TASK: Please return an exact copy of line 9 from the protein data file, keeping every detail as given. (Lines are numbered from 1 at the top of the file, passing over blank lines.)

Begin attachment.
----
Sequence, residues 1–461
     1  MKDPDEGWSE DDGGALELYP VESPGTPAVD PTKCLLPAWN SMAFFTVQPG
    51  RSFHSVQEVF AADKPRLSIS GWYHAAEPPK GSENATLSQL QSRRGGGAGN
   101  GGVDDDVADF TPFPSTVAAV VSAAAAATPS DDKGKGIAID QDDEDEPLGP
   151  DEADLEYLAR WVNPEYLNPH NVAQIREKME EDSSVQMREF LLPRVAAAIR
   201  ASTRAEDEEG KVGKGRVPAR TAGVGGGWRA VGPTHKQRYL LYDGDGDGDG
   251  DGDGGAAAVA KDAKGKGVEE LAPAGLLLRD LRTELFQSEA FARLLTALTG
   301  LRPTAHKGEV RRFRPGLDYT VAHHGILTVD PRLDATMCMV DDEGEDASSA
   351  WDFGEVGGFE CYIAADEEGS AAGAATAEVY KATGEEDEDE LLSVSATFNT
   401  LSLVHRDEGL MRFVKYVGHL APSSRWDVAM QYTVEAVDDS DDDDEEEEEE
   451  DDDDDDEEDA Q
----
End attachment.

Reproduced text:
   351  WDFGEVGGFE CYIAADEEGS AAGAATAEVY KATGEEDEDE LLSVSATFNT